ABOUT PERSPECTIVES PREPARATORY ACADEMY
A History about our Founders, Josh and Courtney Ungaro
Josh Ungaro’s son Noah used to love the PBS kid’s show, It’s All How You Look at It. He’d walk through the house saying it over and over, requesting it so much that it became the inspiration for the private school, Perspectives Preparatory Academy, that his parents founded. The staff at PPA desires to change the perspectives of the Springfield community and beyond about children with differing abilities while also offering support to those children.
Noah is 13, and he was diagnosed with Autism Spectrum Disorder when he was 18 months old. Courtney Ungaro says she and her husband saw a need in the public school system for an inclusive model after starting a summer camp for Noah and three other kids. “Two of the students had an Individualized Education Plan, and the others were gifted,” Ungaro says. “The gains we saw with our students on an IEP were insane: increase in speech, increase in social skills, interest in other peers, willing to try new adventures. That got us thinking, could this be a model for our school?”
PPA boasts a diverse population of students, with half of those accepted qualifying for a disability through Missouri’s Child Find policy. Nacy Ryerson, the Dean of Schools, says the staff wants to maintain that balance to duplicate the results of the Ungaros’ three-year camp. “Since it’s an inclusive school, we want a variety of students so they can support each other’s strengths,” Ryerson says. “We are not a special education school; therefore, we want a diverse student population so students can learn from one another.”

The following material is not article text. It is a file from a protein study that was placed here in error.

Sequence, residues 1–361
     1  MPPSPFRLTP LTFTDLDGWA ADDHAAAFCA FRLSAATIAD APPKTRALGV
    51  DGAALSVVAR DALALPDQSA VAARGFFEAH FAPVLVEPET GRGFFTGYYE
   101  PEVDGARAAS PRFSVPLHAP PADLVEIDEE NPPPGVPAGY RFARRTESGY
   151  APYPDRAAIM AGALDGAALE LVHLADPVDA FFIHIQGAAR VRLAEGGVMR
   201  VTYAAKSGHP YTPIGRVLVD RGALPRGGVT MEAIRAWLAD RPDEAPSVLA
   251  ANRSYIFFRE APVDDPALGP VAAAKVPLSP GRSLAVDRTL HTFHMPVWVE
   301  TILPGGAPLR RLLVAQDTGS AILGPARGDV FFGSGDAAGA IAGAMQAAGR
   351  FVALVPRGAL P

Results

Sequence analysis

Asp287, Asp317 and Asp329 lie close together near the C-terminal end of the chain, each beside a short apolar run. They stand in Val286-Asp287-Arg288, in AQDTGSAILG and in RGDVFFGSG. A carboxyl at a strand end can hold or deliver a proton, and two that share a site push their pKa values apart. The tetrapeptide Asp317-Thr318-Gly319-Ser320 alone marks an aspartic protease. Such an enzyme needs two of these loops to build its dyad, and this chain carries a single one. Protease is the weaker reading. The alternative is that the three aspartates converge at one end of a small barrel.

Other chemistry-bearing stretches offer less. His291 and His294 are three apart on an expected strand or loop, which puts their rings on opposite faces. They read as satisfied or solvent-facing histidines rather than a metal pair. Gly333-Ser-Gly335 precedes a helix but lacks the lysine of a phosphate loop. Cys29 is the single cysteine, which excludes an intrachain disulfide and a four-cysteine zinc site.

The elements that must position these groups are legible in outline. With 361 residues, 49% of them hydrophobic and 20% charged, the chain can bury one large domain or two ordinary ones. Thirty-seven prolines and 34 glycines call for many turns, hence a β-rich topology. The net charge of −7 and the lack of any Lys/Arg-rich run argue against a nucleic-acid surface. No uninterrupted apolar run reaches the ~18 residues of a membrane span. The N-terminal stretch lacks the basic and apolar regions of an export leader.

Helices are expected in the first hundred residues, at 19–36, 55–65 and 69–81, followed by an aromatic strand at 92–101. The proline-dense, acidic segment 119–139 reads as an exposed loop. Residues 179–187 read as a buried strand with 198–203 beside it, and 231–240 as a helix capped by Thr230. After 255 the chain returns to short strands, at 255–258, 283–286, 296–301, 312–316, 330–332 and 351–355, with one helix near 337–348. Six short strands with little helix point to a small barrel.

It was important to the Ungaro's to create an environment that caters to a wide range of students at no cost to their families. “The No. 1 goal as a parent is to get your child an education they deserve,” Ungaro says. “You shouldn’t have to worry about how to pay for it.”
To Ryerson, every student—regardless of their learning capabilities—has a strength to offer to the community and to the world. To foster these talents and encourage educational development, each classroom focuses on 12 students with a 4:1 ratio building wide.
PPA is also doing away with traditional grade levels, allowing its students to complete their work at their own pace. Whether a student is above or below their specific age group, they have the opportunity to develop their personal strengths this way. In her experience, Ryerson has found that paying more attention to students on an individual basis engages them in their education. “Every student is different with unique needs, interests, likes and dislikes,” Ryerson says. “I have seen much more success in identifying student strengths and interests to drive learning.”